Blockchain as a Financial Tool
Blockchain technologies offer up great financial tools to offer farmers a complete and timely payment for the efforts of theirs. Making use of these solutions are going to help to stay away from danger and also create the farmer’s life a lot easier. Based on Reitzig:
“Blockchain…offers [a] means for farmers to contract with sellers to grow what is needed. Full or partial payment can go into escrow immediately…to guarantee payment to the farmer without breach of contract and coercion by marketers. Getting paid for labor is a big challenge in the farming world, and Blockchain can alleviate part of that.”
Because of smart contracts, farmers are able to get paid out all season long, not just in fall and summer. Making use of a calculation system dependent on smart contracts, it’s a lot less dangerous to utilize pre-orders, buying clubs and food baskets.
“Some farms produce something called a community supported agriculture (CSA) share. This is a growing model where the consumers prepay a farm for the whole season. We might pay $500 at the beginning of spring, and we’ll get a box of veggies every week for 30 weeks. Blockchain can handle that entire transaction.”
Noteworthy one of the primary farmers which implemented Blockchain as a monetary instrument to create his economic system was Mikhail Shlyapnikov, a farmer from Russian Federation. He launched his cryptocurrency for the farm of his.
“A farmer has different tools: Shovels, tractors. A blockchain is also a tool, and it’s up to you if you use it or not.”
Make deliveries easy
Smart contracts are able to have any parties and any conditions without involving lawyers. For instance, utilizing an intelligent contract, the proprietor of a tiny cafe can buy coffee seeds from a Kenyan farmer.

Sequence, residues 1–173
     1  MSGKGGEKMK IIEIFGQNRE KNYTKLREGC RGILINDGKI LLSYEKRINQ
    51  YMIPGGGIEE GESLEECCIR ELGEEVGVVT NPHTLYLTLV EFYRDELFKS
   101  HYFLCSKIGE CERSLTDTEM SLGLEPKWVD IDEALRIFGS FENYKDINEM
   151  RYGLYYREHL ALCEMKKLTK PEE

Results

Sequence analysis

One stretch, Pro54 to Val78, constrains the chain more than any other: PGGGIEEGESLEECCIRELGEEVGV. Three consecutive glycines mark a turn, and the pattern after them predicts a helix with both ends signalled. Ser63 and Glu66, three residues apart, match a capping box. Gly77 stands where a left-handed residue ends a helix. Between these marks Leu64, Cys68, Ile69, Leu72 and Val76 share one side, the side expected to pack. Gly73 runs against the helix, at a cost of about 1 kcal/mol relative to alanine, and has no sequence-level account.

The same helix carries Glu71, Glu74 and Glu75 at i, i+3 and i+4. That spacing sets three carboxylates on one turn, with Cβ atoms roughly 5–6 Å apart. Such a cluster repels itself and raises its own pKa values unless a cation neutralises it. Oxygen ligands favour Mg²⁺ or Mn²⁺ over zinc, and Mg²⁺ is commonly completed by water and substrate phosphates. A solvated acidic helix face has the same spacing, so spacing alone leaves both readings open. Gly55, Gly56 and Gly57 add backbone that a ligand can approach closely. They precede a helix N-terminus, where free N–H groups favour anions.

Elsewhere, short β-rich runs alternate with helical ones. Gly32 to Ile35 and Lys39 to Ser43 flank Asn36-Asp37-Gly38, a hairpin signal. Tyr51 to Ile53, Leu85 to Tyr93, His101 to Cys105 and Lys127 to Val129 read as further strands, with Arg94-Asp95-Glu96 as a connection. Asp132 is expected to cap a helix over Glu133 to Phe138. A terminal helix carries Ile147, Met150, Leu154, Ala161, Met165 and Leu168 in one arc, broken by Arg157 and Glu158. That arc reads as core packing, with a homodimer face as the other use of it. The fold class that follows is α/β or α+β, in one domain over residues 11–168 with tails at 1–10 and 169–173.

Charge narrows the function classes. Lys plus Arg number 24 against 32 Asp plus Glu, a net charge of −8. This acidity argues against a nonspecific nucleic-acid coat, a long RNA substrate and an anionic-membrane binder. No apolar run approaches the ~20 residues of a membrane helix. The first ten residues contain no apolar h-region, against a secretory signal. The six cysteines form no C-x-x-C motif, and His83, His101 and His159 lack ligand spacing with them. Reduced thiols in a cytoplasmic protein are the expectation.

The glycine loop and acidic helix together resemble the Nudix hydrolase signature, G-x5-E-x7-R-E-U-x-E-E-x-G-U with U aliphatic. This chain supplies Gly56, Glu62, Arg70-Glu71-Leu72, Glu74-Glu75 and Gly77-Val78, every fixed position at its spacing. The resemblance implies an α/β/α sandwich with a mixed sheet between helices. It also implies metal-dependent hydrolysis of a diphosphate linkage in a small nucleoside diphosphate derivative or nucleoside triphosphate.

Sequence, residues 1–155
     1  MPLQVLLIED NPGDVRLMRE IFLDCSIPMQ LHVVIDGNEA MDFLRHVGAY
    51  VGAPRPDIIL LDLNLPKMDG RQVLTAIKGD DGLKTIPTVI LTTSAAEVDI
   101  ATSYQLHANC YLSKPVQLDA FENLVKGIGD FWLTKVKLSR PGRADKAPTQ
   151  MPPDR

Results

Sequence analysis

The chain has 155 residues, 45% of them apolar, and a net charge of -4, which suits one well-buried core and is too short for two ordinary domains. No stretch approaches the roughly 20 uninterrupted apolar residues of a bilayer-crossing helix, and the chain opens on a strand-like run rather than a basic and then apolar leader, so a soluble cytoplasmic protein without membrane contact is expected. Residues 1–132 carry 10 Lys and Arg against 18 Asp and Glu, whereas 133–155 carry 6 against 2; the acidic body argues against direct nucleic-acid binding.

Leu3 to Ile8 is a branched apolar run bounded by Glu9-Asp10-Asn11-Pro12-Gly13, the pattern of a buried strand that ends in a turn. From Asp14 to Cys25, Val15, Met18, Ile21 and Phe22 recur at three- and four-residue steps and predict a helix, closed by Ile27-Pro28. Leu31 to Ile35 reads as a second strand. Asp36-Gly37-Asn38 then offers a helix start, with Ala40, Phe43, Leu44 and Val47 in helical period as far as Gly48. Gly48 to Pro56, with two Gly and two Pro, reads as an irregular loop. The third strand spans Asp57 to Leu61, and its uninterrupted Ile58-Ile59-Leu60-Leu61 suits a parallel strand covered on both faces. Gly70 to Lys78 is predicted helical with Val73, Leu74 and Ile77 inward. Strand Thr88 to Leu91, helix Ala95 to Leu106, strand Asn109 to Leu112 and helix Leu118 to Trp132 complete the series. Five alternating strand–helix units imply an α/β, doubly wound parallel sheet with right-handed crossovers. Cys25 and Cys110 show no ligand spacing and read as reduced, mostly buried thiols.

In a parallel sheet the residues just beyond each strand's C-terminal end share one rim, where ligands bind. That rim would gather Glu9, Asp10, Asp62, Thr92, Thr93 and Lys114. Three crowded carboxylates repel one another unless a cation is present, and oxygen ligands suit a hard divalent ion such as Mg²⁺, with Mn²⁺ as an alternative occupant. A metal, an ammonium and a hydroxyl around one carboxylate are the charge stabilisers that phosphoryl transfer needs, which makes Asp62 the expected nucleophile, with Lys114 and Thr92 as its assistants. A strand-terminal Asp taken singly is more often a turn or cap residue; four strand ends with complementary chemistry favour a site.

All at once, an individual is able to buy distribution to Europe. This pay for the job of the practices agent and for certification based on the laws of the nation’s delivery. Smart contracts will complimentary farmers from the lengthy chains of intermediaries and therefore reduce the ultimate cost of the item with the customer.
Origin of the products
Seems like implementing Blockchain into the production, accreditation, and food processing steps, make transparency in an otherwise non-transparent program. This also allows customers to help suppliers they choose. It’s very pertinent for certified and organic origin products.
Liz Reitzig stresses the benefits of figuring out the origin of organic products:
“If a farm is certified organic, or they want to emphasize a different kind of certification, they can use Blockchain to track products. Consumers want to know what they are buying, and Blockchain can offer that.”
Marcel Blankenstein, the proprietor of Naked Organics, believes that origin info might be good for the person so long as it is usable:
“Blockchain in agriculture allows the consumer to scan the barcode of a product in the supermarket and instantly view the entire supply chain from supermarket to farmer. In terms of consumer orientated transparency. From a regulatory perspective, agricultural contamination can be very quickly isolated.”
How can a farmer use Blockchain?
Reitzig thinks that the hardest hurdles for Blockchain implementation in are actually terminology and complex work principles. She says: